Being from another wildfire state of CO......  :sigh:   do I have to start implementing some of the things from our Compressed Populations scenario?  I feel fortunate that we are not dependent for breathing/O2 or such....at this time.  But mebbe should focus on not stocking up freezer stuff.  :scratchhead:  What else.....during summer?  Hide in basement instead of using swamp cooler if power is out.  Doable.  Not comfortable.  WATER.... Note To Self:  Stock up on a lot more well water if we get dry and crispy....now that the precedent has been set. ***Keep freezers FULL by making ice in Ziplocks to fill in the spaces! 

 

MtRider  :unsure: 

 

Edited by Mt_Rider

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In case some of you missed it, a couple of months ago our president signed an executive order that requires various and assorted departments to work together/share information to prepare for and try to prevent the failure of the power grid for whatever reason. (EMP, solar flare, terrorist attack, etc) This was prompted by the report that came out last year by the government's own committee on susceptibility of our power grid.  I read that report and it was even more chilling than the one that came out in 2008  by the committee on impact of an EMP (which was also part of this latest report). It was strongly suggested to The Department of Homeland Security, in that report, that it might be months before parts of the grid could be repaired.  The report encouraged the DHS recommend that all citizens be prepared for at least six months of no electricity and the accompanying problems listed in the report.  No communication, transportation interruptions, and on and on.  Of course, nothing has been said. Don't want to scare the people but at least someone has actually paid attention to the report.  

 

These periodic outages in isolated areas of the country will be nothing compared to country wide outages.  Those people though will be a lot better prepared for long term compared to those who haven't had that experience.  

 

If I remember right, some of us on Mrs. S used to have 'practice' weekend drills without electricity.  Does anyone still do that? 

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I didn't read that report but heard about it.  Not a nice bedtime story, huh?  :( 

 

We used to 'practice' rather frequently when the power is out thru storms or landslides or whatever.  Once a deer jumped into the something.....fried the deer.  Or that was the story anyway.  Thing is, we don't have power outage nearly as much as we used to.  So no, we haven't "practiced" in a long time.  Hmm...  Good point.  I do still practice how fast I can fill water bottles....if we had any warning. 

 

We did prepare rather heavily for that Bombegenesis humongo blizzard earlier this spring.  Cuz that might have taken power out....but thankfully didn't.  We weren't close to the actual extreme LOW pressure system....but the event covered most of the state with it's ramifications.  Biggest worry is keeping warm.  Had kerosene and Buddy heaters.  And a big dog.  Super-cold sleeping bags.  Hauled stuff in that usually live in my truck.  Less time spent outside or running outside to get to basement, the better.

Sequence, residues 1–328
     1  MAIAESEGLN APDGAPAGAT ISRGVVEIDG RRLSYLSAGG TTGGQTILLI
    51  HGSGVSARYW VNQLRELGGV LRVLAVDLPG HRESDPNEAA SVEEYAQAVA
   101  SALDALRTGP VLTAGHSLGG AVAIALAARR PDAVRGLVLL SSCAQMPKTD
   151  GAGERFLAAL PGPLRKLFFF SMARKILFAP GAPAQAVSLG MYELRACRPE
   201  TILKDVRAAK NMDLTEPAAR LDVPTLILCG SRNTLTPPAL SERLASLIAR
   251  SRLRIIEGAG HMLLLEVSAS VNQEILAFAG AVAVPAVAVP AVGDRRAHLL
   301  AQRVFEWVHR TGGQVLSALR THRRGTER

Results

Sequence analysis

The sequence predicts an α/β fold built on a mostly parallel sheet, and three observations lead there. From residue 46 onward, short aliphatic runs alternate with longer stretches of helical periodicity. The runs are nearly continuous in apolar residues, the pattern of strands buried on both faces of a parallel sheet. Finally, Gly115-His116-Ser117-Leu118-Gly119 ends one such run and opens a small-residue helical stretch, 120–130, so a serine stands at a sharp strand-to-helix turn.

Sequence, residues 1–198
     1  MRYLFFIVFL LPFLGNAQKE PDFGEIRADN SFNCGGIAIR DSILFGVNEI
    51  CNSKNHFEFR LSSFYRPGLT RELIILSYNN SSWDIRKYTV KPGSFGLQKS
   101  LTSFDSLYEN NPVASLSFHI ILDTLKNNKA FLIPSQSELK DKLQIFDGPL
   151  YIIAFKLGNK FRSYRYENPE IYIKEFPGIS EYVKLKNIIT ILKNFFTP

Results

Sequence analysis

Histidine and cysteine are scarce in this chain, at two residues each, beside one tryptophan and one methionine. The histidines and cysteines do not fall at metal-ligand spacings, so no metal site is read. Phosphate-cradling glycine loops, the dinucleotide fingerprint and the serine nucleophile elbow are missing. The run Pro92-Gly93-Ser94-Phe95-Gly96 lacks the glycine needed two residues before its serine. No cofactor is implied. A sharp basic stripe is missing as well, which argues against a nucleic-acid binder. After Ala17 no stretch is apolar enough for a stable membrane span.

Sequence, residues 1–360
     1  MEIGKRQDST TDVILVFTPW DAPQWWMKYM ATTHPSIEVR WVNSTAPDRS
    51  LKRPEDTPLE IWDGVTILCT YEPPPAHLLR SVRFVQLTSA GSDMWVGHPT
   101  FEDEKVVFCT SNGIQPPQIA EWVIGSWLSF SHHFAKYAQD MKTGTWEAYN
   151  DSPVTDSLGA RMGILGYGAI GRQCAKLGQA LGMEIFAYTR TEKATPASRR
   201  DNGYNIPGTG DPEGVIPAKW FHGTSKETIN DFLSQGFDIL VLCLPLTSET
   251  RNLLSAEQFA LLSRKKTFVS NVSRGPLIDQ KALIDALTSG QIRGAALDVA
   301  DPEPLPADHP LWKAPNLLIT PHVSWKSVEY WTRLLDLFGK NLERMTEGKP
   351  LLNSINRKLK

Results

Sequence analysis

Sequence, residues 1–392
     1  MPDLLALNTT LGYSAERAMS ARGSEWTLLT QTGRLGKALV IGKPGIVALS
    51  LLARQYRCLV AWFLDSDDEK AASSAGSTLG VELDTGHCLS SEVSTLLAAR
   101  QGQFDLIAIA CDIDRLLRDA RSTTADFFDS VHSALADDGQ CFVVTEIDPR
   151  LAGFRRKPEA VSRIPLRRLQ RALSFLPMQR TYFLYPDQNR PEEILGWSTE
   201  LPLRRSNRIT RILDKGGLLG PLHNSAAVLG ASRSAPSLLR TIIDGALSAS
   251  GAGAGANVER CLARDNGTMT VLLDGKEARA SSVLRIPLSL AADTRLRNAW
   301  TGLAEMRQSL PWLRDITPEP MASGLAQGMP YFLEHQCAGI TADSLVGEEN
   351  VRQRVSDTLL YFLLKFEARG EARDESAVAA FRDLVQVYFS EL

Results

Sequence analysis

Truly, we'd have a horrible time surviving thru winter.  Summer is a better chance.

 

MtRider  :unsure: 

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We have those kinds of 'practices' here too, the kind where we are forced to practice by some act or possible act of nature. We had several days of no electric last winter and we hadn't had that for several years so weren't quite as ready as we could have been.  We did fine but not comfortably. 

 

I was thinking more of some here who used to actually set aside a weekend or longer if they really wanted to push it where they used no electricity.  They left specific appliances running such as freezers and refrigerators but made it so that lights and such wouldn't work or with a reminder NOT to use switches and things.  They did not buy anything ahead of time to make it easier but went on only what they had on hand.  They ate only from their preps and had to use up what would supposedly spoil in the refrigerator and maybe freezers as if they too were off.  They cooked on what they had prepped to use, they had to either have water stored or figure out how they were going to get it, (in that case where you have to have water to drink they let themselves find it at a store but limited its use)  and etc.   It was a way to test their preps and their skills for survival and I believe it was extremely beneficial.  Especially for those who had kids so they would see exactly what it would be like.  I remember it being a sort of challenge just like some of these scenarios are only to actually live it and write about what they learned and how they made out later (no computer use obviously). 

 

I just wondered if anyone had done that or if anyone had even thought about doing it.  

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We have done hurricane drills, but mostly only 36 hours at a time and not in the most miserable weather.  Here lately, we've been getting several days of blackout every summer from hurricanes, and it's amazing how much more interested my sons are in spending money on things they do not want to use.